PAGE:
Eurovision 2022 top 40 countdown #23: SPAIN – Chanel – SloMo

I come to what might be one my most challenging or controversial placings – given that Spain is riding high in betting odds and fan polls and Chanel has become a real icon for many eurofans. Yes, it’s always a risk not putting a heavily “stanned” entry and artist to the top of my rankings, but I have to be honest to my own personal rankings. Plus, this is NOT a low placing – it’s mid-table and in my grand final, and as I have said before, I like vast majority of songs this year. That all said, will the hype around Spain this year actually lead to a great result?

After the internal selections of 2020 and 2021, Spain brought back a (new format) national final. Cue the drama of the song that got a huge public vote being given few votes from the small jury, who favoured “SloMo” which ultimately won (despite getting just 4% of public vote). However, while many Spanish fans at the time were furious, the song and artist have gone on to be extremely popular with the wider fandom. Chanel (Terroro) is Cuban-Spanish and the song has a largely US or US based song writing team behind it; apparently it was written for J-Lo who didn’t pick it up. Even if that is not true, there is definitely a western hemisphere Latin pop feel to this.

The song itself is, in my view anyway, nothing that special. I’ve heard Spanish flavoured uptempo pop that I much prefer to this, and it does feel like it’s been imported from Florida rather than being grown in Spain. What really brings this entry to life though and has made it a fan favourite is the performance Chanel (and her dancers give) – it’s overall extremely impressive, but the main dance break is a standout dance routine.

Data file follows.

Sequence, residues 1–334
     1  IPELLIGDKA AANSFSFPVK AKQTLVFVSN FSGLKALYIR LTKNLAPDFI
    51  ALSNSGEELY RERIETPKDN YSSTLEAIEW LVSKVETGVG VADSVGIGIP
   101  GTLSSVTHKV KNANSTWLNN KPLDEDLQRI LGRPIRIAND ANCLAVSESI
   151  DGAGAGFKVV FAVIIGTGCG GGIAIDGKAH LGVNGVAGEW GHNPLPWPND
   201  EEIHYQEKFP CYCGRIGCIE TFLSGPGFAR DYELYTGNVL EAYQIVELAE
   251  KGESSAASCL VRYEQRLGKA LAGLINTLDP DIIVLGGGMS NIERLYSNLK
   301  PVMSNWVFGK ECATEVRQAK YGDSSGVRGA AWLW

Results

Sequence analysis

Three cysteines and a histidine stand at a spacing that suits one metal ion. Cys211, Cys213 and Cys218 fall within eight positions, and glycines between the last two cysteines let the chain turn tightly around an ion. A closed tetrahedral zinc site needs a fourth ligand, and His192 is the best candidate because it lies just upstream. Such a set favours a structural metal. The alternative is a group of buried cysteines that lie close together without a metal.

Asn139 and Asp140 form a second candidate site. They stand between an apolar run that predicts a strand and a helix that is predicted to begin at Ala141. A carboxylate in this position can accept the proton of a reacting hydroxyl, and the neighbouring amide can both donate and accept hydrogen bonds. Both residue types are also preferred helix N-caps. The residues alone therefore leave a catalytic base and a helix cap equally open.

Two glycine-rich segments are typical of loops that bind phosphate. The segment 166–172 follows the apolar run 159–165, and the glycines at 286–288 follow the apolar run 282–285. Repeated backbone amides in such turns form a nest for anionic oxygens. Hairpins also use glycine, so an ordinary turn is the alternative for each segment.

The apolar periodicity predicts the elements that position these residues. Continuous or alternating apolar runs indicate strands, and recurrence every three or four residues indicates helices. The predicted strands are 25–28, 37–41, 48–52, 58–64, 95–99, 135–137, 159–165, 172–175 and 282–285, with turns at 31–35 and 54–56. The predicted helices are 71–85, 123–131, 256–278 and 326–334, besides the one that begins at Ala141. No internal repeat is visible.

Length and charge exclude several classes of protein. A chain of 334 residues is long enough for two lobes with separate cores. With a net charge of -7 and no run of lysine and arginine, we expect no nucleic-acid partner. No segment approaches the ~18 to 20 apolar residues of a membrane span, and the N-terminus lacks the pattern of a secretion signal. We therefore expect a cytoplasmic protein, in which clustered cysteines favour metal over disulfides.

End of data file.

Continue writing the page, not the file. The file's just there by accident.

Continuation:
This performance has definitely got the “yaas queen” brigade very excited, though to be fair, the appeal seems to have gone more broad given the fan polls and there are signs that this is the sort of track and performance that will appeal outside of the fandom. Certainly this should give Spain one of their best results since 2014 when they last finished in the top 10. I’m just quite not on board with the bandwagon – I acknowledge the performance and think it’s a very listenable/danceable song, but it’s still a fairly basic track with an average vocal masked by the bells and whistles of choreography and spectacle.

Spain in the Eurovision Song Contest

First entered: 1961

Appearances (excluding this year): 60

Best result: Winner 1968, 1969

Last year’s result: 24th

Flag of Spain

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